The licences were extended in 2003 for a further year, and in 2004 a consultation was issued by the Authority's successor, Ofcom, on the creation of Community Radio. Following this, an invitation to groups to apply for community radio licences nationwide was issued. 192 stations applied and of those, 106 were awarded licences. The first new community station to be licensed was youth-based AfanFM in Neath-Port Talbot and the first to go on-air was 103 The Eye in Melton Mowbray. Many stations awarded licences in this first wave are currently in the process of launching.
In order to obtain a community radio licence, applicants must demonstrate that the proposed station will meet the needs of a specified target community, together with required "social gain" objectives set out in the application. These usually take the form of a commitment to train local people in broadcasting skills or provide a certain amount of programming aimed at an underserved section of the population.
A target community can be defined either by geography or by reference to a particular sub-community in an area, otherwise known as a community of interest. A geographic community can be any defined local area, particularly those which would not sustain a fully commercial broadcaster. A community of interest can be any identifiable local community; existing community stations are aimed at groups as diverse as the elderly or youth, religious groups, speakers of languages other than English, lifestyle groups such as gay and transgender and cultural/recreational groups such as artists.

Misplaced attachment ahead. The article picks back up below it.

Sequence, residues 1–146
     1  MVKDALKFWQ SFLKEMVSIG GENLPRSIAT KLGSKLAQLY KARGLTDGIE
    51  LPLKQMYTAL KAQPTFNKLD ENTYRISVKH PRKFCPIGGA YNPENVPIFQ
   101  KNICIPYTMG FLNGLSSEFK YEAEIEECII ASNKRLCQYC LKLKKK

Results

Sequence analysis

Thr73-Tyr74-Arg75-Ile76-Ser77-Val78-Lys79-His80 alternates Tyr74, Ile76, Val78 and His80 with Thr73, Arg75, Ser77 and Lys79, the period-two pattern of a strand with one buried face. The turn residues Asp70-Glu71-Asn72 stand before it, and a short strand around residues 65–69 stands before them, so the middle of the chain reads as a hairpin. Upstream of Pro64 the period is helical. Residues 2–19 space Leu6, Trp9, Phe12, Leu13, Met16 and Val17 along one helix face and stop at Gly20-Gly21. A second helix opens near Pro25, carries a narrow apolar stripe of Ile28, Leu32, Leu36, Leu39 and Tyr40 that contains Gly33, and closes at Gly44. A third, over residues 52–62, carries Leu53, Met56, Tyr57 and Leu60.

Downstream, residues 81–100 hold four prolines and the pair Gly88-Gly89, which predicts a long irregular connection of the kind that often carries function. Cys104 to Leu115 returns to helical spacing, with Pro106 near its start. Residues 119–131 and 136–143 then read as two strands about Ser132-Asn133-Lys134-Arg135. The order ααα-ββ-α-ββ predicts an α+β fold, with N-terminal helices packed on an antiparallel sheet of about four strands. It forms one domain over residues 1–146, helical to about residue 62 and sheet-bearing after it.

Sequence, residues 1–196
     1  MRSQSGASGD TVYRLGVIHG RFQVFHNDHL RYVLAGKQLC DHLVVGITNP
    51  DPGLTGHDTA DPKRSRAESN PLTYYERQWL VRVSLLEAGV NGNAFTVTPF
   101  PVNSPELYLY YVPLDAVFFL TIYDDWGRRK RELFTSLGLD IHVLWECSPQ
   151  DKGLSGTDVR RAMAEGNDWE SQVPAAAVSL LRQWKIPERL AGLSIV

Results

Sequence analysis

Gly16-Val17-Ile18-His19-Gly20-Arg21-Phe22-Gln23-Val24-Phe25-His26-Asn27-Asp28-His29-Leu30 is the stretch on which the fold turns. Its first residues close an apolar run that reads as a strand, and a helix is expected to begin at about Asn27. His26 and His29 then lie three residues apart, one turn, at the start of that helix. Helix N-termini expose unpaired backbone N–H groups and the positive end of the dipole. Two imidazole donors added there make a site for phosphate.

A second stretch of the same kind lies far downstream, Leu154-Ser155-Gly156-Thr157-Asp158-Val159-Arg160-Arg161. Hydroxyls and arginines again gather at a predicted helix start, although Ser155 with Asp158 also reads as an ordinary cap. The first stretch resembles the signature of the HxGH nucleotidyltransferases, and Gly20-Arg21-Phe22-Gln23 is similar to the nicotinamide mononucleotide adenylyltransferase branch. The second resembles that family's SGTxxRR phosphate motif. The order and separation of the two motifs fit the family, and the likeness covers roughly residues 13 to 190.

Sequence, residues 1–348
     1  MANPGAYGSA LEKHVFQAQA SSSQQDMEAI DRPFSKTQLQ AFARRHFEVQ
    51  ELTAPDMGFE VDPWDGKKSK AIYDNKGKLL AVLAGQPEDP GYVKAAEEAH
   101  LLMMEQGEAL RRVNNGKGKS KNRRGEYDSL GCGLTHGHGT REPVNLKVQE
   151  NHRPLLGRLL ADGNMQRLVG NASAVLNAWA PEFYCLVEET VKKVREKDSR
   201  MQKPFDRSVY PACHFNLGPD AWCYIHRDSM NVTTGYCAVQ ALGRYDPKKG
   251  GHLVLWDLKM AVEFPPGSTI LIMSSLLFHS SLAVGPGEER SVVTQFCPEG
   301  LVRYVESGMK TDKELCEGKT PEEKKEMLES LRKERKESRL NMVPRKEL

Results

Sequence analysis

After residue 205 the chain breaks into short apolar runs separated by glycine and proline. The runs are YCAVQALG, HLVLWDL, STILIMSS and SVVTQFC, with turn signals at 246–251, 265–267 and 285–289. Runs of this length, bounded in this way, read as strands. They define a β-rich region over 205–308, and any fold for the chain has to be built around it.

While there are exceptions in certain rural areas, community radio stations are usually limited to broadcast areas smaller than commercial or BBC local stations, nominally a 5 kilometre radius of their transmitter. The normal allocated power for a new community station in an urban area is 30 watts.
However, where a community radio station lies within the transmission area of a commercial station with a population coverage of under 250,000, no sponsorship or advertising may be sought and all funding must come from alternative sources. In a small number of areas where a commercial station covers a population of under 100,000, a community station may not be licensed at all. This is in order to protect the financial interests of these small commercial stations.
|ALL FM||South Manchester||Multicultural||96.9 FM|
|Angel Radio||Havant, Hampshire||Over-60s||101.1 FM|
|Awaz FM||Glasgow||Asian||107.2 FM|
|Bradford Community Broadcasting||Bradford||Multicultural||96.7 FM (now 106.6 FM)|
|Cross Rhythms City Radio||Stoke-on-Trent||Christian music||101.8 FM|
|Desi Radio||Southall, West London||Punjabi||1602 AM|
|Radio Faza||Nottingham||Asian women's station||97.1 FM|
|Forest of Dean Radio||Forest of Dean, Gloucestershire||Rural community station||1521 AM, 1503 AM|
|GTFM||Pontypridd, Glamorgan||Local talk and music||106.9 FM (now 107.9 FM)|
|New Style Radio||Birmingham||Afro-Caribbean talk/music||98.7 FM|
|Northern Visions Radio||Belfast||General||100.6 FM (now closed)|
|Resonance FM||Central London||Artistic community||104.4 FM|
|Shine FM||Banbridge, County Down||Christian music||106.1 FM|
|Sound Radio||Hackney, East London||Multicultural||1503 AM (temporarily off-air)|
|Takeover Radio||Leicester||Children's radio||103.2 FM|
|Wythenshawe FM||Wythenshawe, South Manchester||Music and local talk||97.2 FM|